Real Estate Research

Continental European real estate market commentary – June 2017


Continental European real estate market commentary – June 2017

The eurozone economy appears to have entered a more robust recovery cycle, as faster growth leads to stronger investment.

While Emmanuel Macron’s election as French president has improved business confidence across the region, the key to increasing investment has been the steady fall in industrial spare capacity since 2013 combined with low interest rates. 

There are no signs that the fall in unemployment to 9.3% is pushing up wage awards and core inflation in the eurozone, which excludes energy and food, remains around 1%. 

As a result, Schroders expects the ECB to leave its refi rate at zero until 2019 and eurozone GDP to grow by just under 2% p.a. through 2017-2018. 

Germany, the Nordics and Spain are likely to lead, while France and Italy will probably lag behind.  

The economic recovery is reflected in the office market. In most European cities jobs in IT, media and professional services are growing and net take-up of office space is positive.

In addition, Brexit could give a boost to financial services in certain cities, assuming the UK loses its passporting rights after March 2019. 

Frankfurt is emerging as the first choice for investment banks, while asset managers prefer Luxembourg and UK insurers are focusing on Brussels and Dublin. 

However, it is important to put these plans in context. For example, while Frankfurt could gain 15,000 new jobs over the next five years in banking and related sectors (e.g. law, IT), that would only be equal to 4-5% of total office employment and at the same time, Deutsche Bank and Commerzbank are reducing the size of their teams.

Given the prospects for further employment growth, we expect to see a broad based increase in office rents across continental Europe over the next 3-4 years. The exceptions are likely to be Barcelona and Madrid, where a big increase in new building threatens to create an over-supply of space in 2019-2020.

In the retail sector, we generally favour out-of-town retail warehouses over town centre shopping centres, because vacancy rates are lower. 

To some extent, this is a cyclical phenomenon and  reflects the recovery in European housing markets and the greater bias of retail parks to household goods (e.g. DIY, furniture). For example, house prices in Germany rose by 7% in 2016 and by 2-3% in France and Spain as a result of the fall in unemployment and low interest rates.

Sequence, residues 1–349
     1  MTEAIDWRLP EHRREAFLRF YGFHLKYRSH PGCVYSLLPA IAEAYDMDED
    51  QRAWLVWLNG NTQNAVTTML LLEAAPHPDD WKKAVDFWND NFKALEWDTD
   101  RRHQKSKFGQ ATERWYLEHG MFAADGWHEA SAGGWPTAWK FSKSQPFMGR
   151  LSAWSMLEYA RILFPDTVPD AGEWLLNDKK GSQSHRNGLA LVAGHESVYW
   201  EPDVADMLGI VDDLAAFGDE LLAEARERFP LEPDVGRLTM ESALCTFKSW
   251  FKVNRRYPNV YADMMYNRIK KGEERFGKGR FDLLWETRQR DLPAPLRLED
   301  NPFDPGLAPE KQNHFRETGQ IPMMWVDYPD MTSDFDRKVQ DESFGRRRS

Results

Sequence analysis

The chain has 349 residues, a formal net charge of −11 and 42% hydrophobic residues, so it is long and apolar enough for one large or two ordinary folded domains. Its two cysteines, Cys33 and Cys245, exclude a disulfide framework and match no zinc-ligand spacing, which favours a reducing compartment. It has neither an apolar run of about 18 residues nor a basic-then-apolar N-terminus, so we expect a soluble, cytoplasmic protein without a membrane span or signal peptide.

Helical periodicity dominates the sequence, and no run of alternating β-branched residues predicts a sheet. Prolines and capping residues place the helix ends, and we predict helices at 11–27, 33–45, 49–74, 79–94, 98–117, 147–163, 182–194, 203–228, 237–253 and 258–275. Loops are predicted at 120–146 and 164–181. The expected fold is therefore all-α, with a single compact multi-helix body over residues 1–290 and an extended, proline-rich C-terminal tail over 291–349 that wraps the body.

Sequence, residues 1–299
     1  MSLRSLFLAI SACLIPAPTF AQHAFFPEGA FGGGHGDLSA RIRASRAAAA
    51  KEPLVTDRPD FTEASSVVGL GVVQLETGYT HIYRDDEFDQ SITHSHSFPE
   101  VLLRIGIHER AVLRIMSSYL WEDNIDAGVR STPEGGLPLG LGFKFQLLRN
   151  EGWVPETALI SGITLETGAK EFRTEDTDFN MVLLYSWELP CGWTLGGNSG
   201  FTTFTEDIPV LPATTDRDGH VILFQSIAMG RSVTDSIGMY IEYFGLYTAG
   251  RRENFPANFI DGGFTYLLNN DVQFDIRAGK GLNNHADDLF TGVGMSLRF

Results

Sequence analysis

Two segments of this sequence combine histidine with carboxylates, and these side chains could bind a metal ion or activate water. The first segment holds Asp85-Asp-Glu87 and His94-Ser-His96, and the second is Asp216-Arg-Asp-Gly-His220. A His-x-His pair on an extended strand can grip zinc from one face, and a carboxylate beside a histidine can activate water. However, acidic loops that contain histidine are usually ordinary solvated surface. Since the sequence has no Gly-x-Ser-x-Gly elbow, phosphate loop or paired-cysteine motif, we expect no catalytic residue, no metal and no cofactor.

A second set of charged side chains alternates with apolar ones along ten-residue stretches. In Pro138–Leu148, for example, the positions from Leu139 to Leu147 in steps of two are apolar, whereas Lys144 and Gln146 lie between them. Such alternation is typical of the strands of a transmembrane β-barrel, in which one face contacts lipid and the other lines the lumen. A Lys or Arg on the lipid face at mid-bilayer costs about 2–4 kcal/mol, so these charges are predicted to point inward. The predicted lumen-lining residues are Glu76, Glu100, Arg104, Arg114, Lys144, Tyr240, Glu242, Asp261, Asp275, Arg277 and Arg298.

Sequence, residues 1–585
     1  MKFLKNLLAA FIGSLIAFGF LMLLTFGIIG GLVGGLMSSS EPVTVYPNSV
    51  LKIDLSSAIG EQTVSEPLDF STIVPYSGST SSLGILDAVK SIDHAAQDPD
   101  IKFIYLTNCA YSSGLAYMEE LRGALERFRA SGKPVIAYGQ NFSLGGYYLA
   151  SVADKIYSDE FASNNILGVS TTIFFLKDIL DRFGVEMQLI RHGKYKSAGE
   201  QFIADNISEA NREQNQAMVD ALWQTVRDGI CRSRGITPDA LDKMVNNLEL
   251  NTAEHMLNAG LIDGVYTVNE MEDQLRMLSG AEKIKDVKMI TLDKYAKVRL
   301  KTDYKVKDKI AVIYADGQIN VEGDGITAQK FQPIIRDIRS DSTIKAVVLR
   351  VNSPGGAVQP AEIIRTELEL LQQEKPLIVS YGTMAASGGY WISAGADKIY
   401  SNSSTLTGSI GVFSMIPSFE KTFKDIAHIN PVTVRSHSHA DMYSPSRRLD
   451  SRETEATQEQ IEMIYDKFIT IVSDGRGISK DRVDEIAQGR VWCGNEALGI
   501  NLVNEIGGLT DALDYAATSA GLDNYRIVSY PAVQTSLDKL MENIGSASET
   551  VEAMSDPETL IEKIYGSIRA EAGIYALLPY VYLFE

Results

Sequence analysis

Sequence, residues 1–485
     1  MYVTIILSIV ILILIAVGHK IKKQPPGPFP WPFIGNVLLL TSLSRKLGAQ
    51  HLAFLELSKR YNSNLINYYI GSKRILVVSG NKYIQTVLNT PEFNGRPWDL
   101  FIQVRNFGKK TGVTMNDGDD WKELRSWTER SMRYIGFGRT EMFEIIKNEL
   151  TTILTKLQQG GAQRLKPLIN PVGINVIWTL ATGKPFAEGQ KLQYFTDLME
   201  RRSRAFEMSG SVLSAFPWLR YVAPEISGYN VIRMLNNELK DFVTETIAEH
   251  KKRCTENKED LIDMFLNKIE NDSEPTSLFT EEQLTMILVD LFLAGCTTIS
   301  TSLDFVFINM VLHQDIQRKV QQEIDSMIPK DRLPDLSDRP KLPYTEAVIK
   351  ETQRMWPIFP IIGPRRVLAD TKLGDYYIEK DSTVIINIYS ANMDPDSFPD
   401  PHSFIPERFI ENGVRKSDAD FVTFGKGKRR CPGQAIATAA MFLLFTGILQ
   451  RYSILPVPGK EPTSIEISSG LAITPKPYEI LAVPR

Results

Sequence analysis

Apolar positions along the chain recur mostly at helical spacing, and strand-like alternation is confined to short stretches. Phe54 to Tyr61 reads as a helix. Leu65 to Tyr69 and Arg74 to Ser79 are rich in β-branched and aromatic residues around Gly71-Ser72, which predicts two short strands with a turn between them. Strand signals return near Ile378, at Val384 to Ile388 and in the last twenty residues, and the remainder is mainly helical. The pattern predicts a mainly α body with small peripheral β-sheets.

The difference in vacancy in the retail market reflects two structural factors. 

First, shopping centres are more vulnerable to internet retail, because of their greater reliance on discretionary retail such as clothing, which typically accounts for 40-50% of floor space.

Second, the lower level of rents in out-of-town locations means that retail parks are starting to attract a wider range of retailers (e.g. clothing, food, pharmacy), especially those with a discount format. 

Despite good demand from online retailers, manufacturers and logistics firms, warehouse rental growth has generally been quite modest. According to CBRE, prime warehouses rents in the eurozone rose by 1.7% over the year to March 2017, compared with a 4.3% increase in prime office rents.

The slower rate of rental growth is partly because 3PLs tend to work on very thin margins and partly because of a big increase in new development of giant warehouses, albeit a lot of this space is pre-let. We prefer smaller, urban industrial estates which are benefiting from the growth in “last mile” deliveries and returned items, located in built up areas where new supply is constrained. 

The favourable outlook for rental growth and the significant gap between real estate and 10 year government bond yields means that there is still a large amount of capital allocating towards real estate in continental Europe. 

Eurozone REITs have raised equity and those German open-ended funds which survived the crisis of 2009-2010 are also enjoying a revival. 

In addition, Brexit means that some investors who might have bought in the UK have switched their attention to continental Europe. However, despite the large amount of capital seeking investments, we think that prime yields are close to their floor, assuming that investors will now start to factor in an increase in bond yields over the medium term.

Similarly, although secondary real estate yields may fall over the next 6-12 months, the cautious attitude of banks towards lending in this segment of the market is likely to act as a brake.

We forecast total returns of 5-7% p.a. on average investment grade European real estate between end-2016 and end-2020, assuming the eurozone economy continues to grow. 

The mainstay will be an income return of 4.5%, while capital values will be driven primarily by a steady increase in rents.

Our strategy is to focus on certain major cities which have diverse economies, a large pool of skilled labour, good infrastructure and are attractive places to live. Examples include Amsterdam, Berlin, Hamburg, Madrid, Munich, Paris, Stockholm and Stuttgart. We also like certain smaller university cities which share many of the same characteristics. 


The views and opinions contained herein are those of Schroder Real Estate Investment Management Limited and may not necessarily represent views expressed or reflected in other Schroders communications, strategies or funds.


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